1. The first is that we exist because God accidentally created us, or as the agnostics would say, he “wound up the clock” and left it to tick on its own. These perspectives are so far removed from scriptures narrative that we can lay them aside in the biblical exploration.
This leaves us with only two other options within the biblical interactive model where God appears supremely interested in the affairs of men.
2. The first of these two reasons we can give for our existence in this interactive picture of God is that God needs us somehow. Perhaps we were made to be slaves tasked with performing some menial thing God couldn’t be bothered engaging with himself. Or perhaps we exist because God was lonely and needed company. Or perhaps we exist because God needed a race of sentient beings through whom he could stroke his ego through demands for worship and adoration. In this view, we are essentially here to remind God that he is really cool.
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As ridiculous as these notions appear—they are not too far from the kind of God most Christians present to the culture–especially when we use the posture of God as claim in our evangelistic proclamations. Phrases such as “We exist to worship God” or “God alone is worthy of worship” or “God made you to worship him”—even the popular mantra “it’s all about Jesus, he alone is worthy, etc.”—are interpreted by the secular mind as “God is an egotistical child who created an entire world in order to perpetuate his adoration and when we fail to comply he has a hissy fit and drowns people”.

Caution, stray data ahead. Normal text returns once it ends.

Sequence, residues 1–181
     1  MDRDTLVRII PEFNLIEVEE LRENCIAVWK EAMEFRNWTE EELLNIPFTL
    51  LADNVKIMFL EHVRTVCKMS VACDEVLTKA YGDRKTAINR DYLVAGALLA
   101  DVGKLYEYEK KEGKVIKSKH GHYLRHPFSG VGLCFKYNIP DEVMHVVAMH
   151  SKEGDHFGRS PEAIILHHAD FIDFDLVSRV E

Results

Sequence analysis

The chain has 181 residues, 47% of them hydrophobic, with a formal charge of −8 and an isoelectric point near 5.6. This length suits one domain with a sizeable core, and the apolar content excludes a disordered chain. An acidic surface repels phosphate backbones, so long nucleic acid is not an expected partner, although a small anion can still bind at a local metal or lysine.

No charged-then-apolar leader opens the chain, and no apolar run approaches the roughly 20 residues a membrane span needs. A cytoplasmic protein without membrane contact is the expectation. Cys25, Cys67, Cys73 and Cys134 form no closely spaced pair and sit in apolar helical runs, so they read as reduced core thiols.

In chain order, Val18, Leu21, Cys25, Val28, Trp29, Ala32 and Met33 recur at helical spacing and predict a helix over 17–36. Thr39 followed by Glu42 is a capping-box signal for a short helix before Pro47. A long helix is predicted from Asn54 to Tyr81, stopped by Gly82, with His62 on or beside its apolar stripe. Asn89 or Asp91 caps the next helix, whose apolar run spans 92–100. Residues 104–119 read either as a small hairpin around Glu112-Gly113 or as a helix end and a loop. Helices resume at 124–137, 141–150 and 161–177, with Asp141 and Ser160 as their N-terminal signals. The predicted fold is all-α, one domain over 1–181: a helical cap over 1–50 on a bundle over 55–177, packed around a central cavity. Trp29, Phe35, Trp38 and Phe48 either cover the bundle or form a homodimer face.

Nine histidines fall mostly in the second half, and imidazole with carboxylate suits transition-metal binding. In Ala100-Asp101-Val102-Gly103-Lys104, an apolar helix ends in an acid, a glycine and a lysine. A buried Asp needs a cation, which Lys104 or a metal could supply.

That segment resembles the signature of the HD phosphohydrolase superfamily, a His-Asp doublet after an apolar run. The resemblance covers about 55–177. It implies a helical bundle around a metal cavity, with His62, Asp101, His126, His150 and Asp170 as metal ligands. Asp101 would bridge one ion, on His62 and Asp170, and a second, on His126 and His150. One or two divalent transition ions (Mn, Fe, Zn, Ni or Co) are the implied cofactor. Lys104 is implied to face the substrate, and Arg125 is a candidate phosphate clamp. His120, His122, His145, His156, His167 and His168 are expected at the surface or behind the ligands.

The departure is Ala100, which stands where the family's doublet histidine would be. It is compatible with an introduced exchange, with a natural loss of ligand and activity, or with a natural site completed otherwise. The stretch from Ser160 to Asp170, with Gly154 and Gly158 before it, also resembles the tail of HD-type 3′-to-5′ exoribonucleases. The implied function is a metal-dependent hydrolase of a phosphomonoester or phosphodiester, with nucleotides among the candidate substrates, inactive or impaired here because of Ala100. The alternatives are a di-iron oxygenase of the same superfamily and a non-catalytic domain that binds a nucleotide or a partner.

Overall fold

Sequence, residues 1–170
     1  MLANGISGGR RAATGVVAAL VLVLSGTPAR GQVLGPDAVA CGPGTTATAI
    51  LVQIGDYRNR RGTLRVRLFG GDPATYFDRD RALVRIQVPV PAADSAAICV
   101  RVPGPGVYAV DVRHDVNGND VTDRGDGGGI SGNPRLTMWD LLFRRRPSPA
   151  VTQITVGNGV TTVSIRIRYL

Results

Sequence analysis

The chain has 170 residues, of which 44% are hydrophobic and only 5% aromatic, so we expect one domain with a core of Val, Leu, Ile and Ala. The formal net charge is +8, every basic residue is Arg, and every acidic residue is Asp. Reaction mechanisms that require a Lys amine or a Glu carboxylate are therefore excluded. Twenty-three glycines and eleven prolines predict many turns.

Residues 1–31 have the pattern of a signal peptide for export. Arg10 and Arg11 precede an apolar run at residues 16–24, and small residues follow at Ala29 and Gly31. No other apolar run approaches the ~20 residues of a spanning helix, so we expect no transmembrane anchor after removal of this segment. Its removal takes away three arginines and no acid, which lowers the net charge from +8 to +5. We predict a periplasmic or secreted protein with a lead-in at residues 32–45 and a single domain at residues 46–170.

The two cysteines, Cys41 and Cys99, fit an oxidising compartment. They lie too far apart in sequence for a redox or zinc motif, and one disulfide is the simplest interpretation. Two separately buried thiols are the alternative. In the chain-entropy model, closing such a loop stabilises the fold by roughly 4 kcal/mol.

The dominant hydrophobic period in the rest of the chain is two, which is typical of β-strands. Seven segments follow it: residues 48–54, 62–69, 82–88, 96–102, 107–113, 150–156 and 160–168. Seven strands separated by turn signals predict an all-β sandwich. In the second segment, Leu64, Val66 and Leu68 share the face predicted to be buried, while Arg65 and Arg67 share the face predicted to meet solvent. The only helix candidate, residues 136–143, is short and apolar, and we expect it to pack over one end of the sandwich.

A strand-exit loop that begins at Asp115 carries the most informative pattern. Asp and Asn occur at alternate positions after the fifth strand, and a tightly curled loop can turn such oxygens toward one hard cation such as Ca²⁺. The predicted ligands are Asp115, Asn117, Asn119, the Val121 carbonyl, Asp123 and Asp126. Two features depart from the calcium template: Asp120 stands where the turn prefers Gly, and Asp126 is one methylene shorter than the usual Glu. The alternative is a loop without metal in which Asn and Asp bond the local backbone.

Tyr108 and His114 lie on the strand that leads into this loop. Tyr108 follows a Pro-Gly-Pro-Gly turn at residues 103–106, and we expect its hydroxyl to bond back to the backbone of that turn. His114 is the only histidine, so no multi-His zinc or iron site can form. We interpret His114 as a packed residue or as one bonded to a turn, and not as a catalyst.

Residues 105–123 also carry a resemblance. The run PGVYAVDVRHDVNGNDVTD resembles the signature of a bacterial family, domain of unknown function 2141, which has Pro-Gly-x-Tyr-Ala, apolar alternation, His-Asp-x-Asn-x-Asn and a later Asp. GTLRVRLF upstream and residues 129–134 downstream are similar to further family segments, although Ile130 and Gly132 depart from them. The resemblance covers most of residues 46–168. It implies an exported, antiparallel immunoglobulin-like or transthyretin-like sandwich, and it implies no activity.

However, the Biblical narrative presents a more nuanced and complex picture divine-human interaction. Here we discover a God who existed for all eternity in a community of agape love. Such a being would never be lonely. Likewise, such a being would never require anything. Thus, the Psalmist quotes God’s comical overview of his need of men when he writes:
If I were hungry I would not tell you, for the world is mine, and all that is in it (Psalm 50:12).
Paul the apostle emphasizes this point when he writes:
The earth is the Lord’s, and the fullness thereof” (1 Corinthians 10:26).
The prophet Moses attested to the same in Deuteronomy 10:14 when he penned,
Behold, to the LORD your God belong the heavens, even the highest heavens, and the earth and everything in it [an idea once again expressed in David’s poetic excerpt] he stretches out the heavens like a tent (Psalm 104:2).
But perhaps my favorite is found in scriptures most existential book where God asks its main character Job,
Who has given to Me that I should repay him? Everything under heaven is Mine. (Job 41:11)